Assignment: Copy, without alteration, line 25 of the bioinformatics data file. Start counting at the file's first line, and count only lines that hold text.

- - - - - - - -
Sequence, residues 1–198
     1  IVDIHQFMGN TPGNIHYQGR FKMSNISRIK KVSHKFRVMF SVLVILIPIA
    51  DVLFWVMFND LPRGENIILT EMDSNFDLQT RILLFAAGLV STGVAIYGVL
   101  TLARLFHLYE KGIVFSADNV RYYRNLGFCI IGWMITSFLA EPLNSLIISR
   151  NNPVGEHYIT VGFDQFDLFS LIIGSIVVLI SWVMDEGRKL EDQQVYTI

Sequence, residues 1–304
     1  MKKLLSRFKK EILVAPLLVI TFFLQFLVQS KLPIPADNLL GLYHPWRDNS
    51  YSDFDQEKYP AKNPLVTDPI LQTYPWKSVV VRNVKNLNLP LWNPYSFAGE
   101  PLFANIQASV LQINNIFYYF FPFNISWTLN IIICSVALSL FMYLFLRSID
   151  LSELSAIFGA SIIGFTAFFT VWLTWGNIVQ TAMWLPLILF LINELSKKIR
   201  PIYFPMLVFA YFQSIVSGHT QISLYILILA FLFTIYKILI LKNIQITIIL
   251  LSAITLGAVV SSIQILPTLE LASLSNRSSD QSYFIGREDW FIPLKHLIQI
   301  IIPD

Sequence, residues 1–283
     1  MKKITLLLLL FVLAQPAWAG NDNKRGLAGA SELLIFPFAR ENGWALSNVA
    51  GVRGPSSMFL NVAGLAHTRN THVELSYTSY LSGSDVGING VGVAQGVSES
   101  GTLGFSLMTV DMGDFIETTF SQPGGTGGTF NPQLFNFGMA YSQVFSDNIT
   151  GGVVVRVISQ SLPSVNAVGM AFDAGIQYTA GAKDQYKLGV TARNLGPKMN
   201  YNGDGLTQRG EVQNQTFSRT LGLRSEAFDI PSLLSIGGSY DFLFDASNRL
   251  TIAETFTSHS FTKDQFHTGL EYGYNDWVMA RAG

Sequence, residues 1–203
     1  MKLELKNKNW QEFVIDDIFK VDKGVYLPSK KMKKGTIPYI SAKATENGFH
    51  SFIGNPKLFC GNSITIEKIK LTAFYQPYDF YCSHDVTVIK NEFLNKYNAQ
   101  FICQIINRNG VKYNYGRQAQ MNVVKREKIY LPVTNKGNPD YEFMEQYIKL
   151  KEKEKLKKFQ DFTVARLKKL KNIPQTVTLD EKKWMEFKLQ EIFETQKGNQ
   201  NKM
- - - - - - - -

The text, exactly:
   151  KEKEKLKKFQ DFTVARLKKL KNIPQTVTLD EKKWMEFKLQ EIFETQKGNQ